"It's some time I read Hennig's book, but isn't uniqueness a necessary property of a synapomorphy?"
Few people these days have read Hennig's book, for the same reason that few have read any of Darwin's: they're only interesting as part of the history of science. Except for a few quotes found elsewhere, I haven't read them myself.
It is easily possible that Hennig defined synapomorphies by uniqueness. After all, he believed that homoplasy does not exist – that if you get any in your tree, you need to redo your entire matrix from scratch, because you've mistaken something merely similar as fully identical. In the molecular realm, we now know that this is complete nonsense, and it follows that the same holds for morphology.
Personally, I do follow a terminological distinction Hennig made: one clade has autapomorphies (auto- = self), two sister-groups have synapomorphies (syn- = together). But this level of precision is hardly ever needed; I think Hennig had a background of German Idealism and liked to invent terminology for the fun of it.
"what is your argument against summarising the MPT sample using consensus networks?"
I, for one, don't have any; I'm not familiar with consensus networks and need to look into them.
That said, I don't think the fossil record of the taxa sampled in this paper is dense enough to contain any traces of reticulate evolution. If all Paleo- and Eocene birds were sampled, that could be different.
"long-branch attraction issues"
Absolutely, these are real; parsimony is more sensitive to them than model-based methods; and while they're much more common with molecular than with morphological data, they do exist in the latter, too. The best that can be done about this problem is dense sampling of taxa and characters to break up long branches.
"time-slice subsets – Why is this an "arbitrary exclusion"? All molecular trees (those not including ancient DNA samples) represent a time-slice taxon set."
...But that's a bug, not a feature! Whenever molecular phylogeneticists have ancient DNA at their disposal, they use it. They just almost never have any, so they do the best they can and sample the extant taxa.
In principle, it might be interesting to do a phylogenetic analysis of a time slice in the past in order to test how hopeless the task of the molécularistes is. But the fossil data aren't good enough for such a test.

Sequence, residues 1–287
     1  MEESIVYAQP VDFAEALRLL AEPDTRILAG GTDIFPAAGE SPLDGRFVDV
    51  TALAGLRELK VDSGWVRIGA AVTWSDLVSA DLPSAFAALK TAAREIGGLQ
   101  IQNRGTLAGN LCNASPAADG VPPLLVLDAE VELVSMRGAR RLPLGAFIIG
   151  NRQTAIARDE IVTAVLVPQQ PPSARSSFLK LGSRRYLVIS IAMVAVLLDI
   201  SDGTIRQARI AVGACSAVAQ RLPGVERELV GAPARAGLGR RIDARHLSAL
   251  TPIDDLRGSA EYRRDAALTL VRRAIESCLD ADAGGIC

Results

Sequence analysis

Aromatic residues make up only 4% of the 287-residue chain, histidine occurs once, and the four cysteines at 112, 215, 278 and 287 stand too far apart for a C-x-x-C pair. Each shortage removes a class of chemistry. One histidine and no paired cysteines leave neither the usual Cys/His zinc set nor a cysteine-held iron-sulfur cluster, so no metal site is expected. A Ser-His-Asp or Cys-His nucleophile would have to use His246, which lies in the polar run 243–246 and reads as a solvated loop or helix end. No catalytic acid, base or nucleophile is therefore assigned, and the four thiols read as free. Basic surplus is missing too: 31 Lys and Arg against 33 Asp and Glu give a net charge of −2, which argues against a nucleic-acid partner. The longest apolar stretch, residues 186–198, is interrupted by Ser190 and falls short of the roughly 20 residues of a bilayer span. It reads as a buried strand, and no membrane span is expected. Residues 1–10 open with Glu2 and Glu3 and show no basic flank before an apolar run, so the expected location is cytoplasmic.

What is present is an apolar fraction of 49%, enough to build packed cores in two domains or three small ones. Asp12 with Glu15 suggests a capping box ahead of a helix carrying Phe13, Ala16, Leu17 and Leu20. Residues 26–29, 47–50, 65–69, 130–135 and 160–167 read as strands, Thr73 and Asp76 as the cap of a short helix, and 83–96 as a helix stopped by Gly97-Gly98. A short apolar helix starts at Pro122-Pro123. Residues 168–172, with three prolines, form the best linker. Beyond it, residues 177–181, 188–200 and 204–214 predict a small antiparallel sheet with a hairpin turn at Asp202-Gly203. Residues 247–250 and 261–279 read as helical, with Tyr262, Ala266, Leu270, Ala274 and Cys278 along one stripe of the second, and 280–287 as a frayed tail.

"many palaeontologist reject the notion of ancestors in the fossil record"
This is a misunderstanding.
1) Compared to the diversity of life today, our sample of any other time slice is so small that, statistically, we should expect to find few if any ancestors of any known taxon except in exceptional cases (say large mammals of the Late Pleistocene, or Pliocene midocean diatoms).
2) Outside such exceptional cases, every time a fossil has been proposed to be an ancestor, even if it was explicitly claimed to lack autapomorphies, it was later found to have autapomorphies after all. (Archaeopteryx is the most prominent example.) Obviously, autapomorphies aren't proof that a taxon died without issue, but they do make that hypothesis more parsimonious.
3) If we don't find autapomorphies – which, again, is actually really rare outside the mentioned kinds of exceptional cases –, we can always blame preservation: perhaps all the autapomorphies were in the soft anatomy or just the DNA and aren't preserved.
Zero-length terminal branches are not common in morphological phylogenetic analyses, even though most matrices are made for parsimony and therefore don't code known unique autapomorphies of terminal taxa.
"By limiting your taxon set to same time-slices, you eliminate such time-related topological effects."
But you invite long-branch attraction by refusing to break up the long branches you have.
"If the (let's say) strict consensus tree only has true branches, i.e. reflecting the actual lineage splitting over space and time, then each taxon subset tree would need to show those branches. Or, at least, don't show conflicting alternatives with higher branch support. If it does, the analysis (and the strict consensus tree) has a problem."
The problem is character conflict, which is real. Trees made from subsets of the taxa will not show us which signal is phylogenetic and which are homoplastic; to the contrary, if the phylogenetic signal isn't much stronger than all the noise, they will suffer from accidental sampling bias and end up preferring one of the homoplastic signals over the phylogenetic one just by chance. I've expanded on this in the introduction to my paper cited above.
The solution to noise is to add more noise. In the immortal words of Thomas Holtz, the signal adds up, the noise cancels itself out – if and only if there is enough noise to do statistics with. If your matrix is too small and the phylogenetic signal in it is not unrealistically strong, you run a serious risk of accidental sampling bias.
"Why using a cladogram if you can show a phylogram?"
Probably just out of tradition. I'm not sure if parsimony branch lengths have ever been published in paleontology.
The tradition does have a reason, though: we know how small our matrices are. Add a few characters, and the lengths would be noticeably different. We also know how gappy our matrices are: if we had all the data we lack, almost all branches would be longer, but not all by the same or any other predictable amount. Given that the branch lengths are (generally) more sensitive to these problems than the topology, it makes less sense to publish them.
Model-based approaches try to compensate for all this. They put out branch lengths in expected changes per character, not in actually observed ones. Therefore, when vertebrate paleontologists run Bayesian analyses, we do publish these calculated branch lengths (not only because that's how Bayesian trees are published elsewhere). How well this attempted compensation really works with paleontological datasets has not been tested.